There we were, minding our own business and showing supporters round The Story of the U's, Coconuts' mini-museum in the Supporters' Club.
The next minute, the tiny space was jam-packed with fashionable beards and tracksuits.
We were delighted to welcome the entire Cambridge United first-team squad to our display during the club's open day at the Abbey Stadium yesterday.
Gary 'Deegs' Deegan was particularly taken with the 1950s-vintage shinpads, and keepers Dimitar 'Dimi' Mitov and David 'Fordey' Forde could only marvel at their predecessor Rodney Slack's gloves, hand-crocheted in the 1960s.
The gloves were hand-crocheted, not Rodney.
Meanwhile, over by the Abbey Arms, Marvin 'Marv' the Moose was 'avin' a go at the coconuts, and many a child went home wondering what to do with their prize, the whiskery fruit of the Cocos nucifera.
Thanks to the Abbey Lounge/Cambridge United Supporters' Club and to Cambridge United and its community trust for their continued support for 100 Years of Coconuts.
See you all again next year. Meanwhile, if you'd like to visit The Story of the U's and learn more about the story of your club – or if you don't know what to do with the kids during the school holidays – contact us here or drop a line to firstname.lastname@example.org.
Golf courses, greyhound tracks, shooting ranges, bare-knuckle boxing, barrow racing – Barnwell’s had them all, as well as a football and cricket ground or two.
Who knows? Perhaps one day Coconuts will be able to link up with his tours, which offer revelations about our city’s many sporting stories and achievements.
While enjoying a pleasant walk, you get to see the wonderful new sculpture on Parker’s Piece that celebrates Cambridge’s position as the birthplace of the laws of modern-day football; hear about Henry VIII’s football boots (although you can't try them on); discover the story of the USA bobsleigh champion who was killed in World War II; find out where the only Olympic medal winner to win a Nobel Prize was a student; learn where the town’s bullring was situated; and a lot more besides.
If you hurry, you can book yourself on to a tour majoring on the history of Cambridge football and local and World Cup stories and personalities. Nigel also has a rowing experience and a cricket tour up his sleeve.
To book or find out more, go here: https://www.cambridgesportstours.co.uk.
That's not strictly true … not every single one of Cambridge United Former Players' Association's 133 members was in the Supporters' Club last night, but the occasion was all about quality, not quantity.
And what quality! First-time attendee Alan Biley was in sparkling form, recalling some of the many goals he cracked in at the nearby Corona End. A good number of them were supplied by midfield craftsman Graham 'Willie' Watson. 'He's the man who made me, as he never tires of telling me!' cried Alan gleefully as Willie embarked on another scandalous reminiscence.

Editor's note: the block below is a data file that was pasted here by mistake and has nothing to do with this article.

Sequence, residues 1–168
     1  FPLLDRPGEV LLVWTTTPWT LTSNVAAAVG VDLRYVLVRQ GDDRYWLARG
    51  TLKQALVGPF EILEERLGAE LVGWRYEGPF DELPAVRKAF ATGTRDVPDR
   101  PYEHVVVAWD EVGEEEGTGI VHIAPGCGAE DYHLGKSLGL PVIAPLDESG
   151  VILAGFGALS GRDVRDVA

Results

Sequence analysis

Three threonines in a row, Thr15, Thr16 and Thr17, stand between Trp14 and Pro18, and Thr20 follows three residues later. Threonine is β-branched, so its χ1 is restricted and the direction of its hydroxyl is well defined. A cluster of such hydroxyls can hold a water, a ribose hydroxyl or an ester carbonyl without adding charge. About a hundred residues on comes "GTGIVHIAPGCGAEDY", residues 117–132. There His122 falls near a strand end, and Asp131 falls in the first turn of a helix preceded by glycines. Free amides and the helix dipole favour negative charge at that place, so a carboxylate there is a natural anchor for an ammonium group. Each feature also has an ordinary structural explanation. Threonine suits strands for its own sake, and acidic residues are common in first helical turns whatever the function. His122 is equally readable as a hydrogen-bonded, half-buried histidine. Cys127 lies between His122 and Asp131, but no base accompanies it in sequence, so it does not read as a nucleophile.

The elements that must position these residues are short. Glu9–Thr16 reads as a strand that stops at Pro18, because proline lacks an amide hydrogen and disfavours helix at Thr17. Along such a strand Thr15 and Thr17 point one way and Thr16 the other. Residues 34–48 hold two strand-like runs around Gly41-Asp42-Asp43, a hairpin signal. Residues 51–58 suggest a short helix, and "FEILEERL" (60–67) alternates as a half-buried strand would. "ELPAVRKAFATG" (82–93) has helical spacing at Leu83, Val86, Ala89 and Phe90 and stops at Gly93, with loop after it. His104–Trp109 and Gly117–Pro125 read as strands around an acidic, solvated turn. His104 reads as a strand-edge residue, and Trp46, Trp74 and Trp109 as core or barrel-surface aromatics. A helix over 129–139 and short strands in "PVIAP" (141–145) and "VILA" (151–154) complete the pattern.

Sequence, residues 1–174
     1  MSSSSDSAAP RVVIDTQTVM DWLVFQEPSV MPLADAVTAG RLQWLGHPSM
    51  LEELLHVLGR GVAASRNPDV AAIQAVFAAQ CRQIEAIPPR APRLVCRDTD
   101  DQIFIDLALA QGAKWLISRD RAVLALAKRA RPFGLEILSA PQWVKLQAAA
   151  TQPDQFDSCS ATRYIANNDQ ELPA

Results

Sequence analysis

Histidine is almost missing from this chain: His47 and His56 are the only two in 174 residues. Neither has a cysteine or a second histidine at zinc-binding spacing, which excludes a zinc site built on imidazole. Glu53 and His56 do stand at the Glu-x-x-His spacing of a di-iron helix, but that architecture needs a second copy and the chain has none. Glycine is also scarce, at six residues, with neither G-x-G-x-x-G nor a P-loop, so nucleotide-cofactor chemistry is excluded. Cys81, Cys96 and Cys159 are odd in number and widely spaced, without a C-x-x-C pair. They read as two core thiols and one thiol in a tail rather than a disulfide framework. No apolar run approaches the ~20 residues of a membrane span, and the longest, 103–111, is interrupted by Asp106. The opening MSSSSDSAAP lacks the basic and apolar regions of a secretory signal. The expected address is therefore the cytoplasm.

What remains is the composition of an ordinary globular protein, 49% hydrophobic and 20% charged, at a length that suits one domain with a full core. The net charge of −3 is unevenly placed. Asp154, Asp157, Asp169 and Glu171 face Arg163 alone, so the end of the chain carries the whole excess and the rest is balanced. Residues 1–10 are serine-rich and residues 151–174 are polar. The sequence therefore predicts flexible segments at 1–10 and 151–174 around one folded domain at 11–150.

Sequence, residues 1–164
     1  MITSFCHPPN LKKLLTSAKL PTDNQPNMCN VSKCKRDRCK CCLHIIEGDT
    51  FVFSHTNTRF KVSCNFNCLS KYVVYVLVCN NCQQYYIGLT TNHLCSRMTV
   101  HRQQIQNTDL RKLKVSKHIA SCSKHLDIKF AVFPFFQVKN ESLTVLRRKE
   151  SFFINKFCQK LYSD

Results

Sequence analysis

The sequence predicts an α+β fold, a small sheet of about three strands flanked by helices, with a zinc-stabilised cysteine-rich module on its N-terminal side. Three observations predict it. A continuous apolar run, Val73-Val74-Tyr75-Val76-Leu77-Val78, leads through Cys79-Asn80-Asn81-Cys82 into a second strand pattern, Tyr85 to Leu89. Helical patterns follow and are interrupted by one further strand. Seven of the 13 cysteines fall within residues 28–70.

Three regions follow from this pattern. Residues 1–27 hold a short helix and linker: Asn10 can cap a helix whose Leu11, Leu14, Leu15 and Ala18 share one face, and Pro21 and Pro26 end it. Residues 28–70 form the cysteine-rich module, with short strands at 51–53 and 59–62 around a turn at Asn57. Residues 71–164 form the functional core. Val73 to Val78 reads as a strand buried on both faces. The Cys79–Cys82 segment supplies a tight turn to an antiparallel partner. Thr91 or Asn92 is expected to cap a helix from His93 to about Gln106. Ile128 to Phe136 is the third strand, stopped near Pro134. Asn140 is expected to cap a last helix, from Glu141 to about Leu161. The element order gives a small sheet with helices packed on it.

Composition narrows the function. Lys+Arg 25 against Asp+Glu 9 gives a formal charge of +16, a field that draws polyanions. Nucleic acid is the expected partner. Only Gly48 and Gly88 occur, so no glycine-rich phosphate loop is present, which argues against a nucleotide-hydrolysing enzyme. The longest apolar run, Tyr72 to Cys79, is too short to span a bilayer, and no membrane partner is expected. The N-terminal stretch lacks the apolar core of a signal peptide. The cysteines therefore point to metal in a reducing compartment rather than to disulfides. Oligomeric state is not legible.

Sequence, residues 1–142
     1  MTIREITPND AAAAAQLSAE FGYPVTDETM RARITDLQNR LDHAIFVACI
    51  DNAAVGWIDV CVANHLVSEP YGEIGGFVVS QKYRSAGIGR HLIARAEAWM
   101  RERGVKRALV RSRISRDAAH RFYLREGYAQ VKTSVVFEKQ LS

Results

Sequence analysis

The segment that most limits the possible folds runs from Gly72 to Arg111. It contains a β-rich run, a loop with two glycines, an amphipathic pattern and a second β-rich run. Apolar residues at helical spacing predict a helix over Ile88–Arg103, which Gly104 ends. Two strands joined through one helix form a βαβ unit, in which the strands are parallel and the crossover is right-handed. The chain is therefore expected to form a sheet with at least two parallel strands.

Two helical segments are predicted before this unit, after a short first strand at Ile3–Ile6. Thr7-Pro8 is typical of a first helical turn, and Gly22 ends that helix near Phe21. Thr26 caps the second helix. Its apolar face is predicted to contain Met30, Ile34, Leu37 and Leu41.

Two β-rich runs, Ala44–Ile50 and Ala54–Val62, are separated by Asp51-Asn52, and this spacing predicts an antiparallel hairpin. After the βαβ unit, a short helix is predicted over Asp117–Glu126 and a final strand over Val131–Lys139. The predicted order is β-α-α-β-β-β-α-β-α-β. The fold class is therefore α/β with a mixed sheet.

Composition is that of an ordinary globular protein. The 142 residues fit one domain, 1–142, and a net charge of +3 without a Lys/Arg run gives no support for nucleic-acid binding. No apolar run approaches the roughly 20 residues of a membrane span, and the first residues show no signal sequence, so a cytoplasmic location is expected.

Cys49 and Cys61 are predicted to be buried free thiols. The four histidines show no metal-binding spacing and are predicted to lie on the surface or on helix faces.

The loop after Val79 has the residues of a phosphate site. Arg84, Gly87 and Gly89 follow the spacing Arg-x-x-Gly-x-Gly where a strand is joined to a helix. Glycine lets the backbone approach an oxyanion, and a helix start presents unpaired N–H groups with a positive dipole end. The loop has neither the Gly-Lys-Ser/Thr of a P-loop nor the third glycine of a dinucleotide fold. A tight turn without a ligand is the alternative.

It was also good to see CUFPA get-together debutant Brian Grant, stalwart left back of the Bill Leivers era. 'I was Brian Clough's first ever signing,' he recalled of his Hartlepool days. He delighted in swapping memories with the likes of CUFPA chairman Rodney Slack, 1950s goalkeeper Derek Haylock and Tony Willson of roughly the same era.
For Alan and Brian, the evening presented a first chance to sign the visitors' book at The Story of the U's, Coconuts' mini-museum recounting the history of Abbey/Cambridge United. The exhibits provoked another round of reminiscing and storytelling, as they're designed to do.
The latest family to visit The Story of the U's, Coconuts' mini-museum in Cambridge United Supporters' Club, was that of Len Saward, a highly talented forward who made 170 appearances for the U's between 1952 and 1958.
Len also played a vital role in the U's massively successful commercial department in the 1960s, working under manager Dudley Arliss to sell pools tickets across a wide area of East Anglia. The scheme was acclaimed as the biggest in the country, and it helped United to lay the foundations for life in the Football League from 1970.
Len's brother Pat was the better known footballer, playing for Millwall, Aston Villa and Huddersfield and earning 18 Republic of Ireland caps, but there are those who believe Len was the more talented of the two. Now aged 89, he loves to talk about the old days, and he was in his element at The Story of the U's. He was accompanied by Jill Saward, his son Patrick and grandsons Jack and Charlie. We hope to see them all again soon.
Happy Harry's blog
I'm the living embodiment of the spirit of the U's, and I'll be blogging whenever I've got news for you, as long as I don't miss my tea.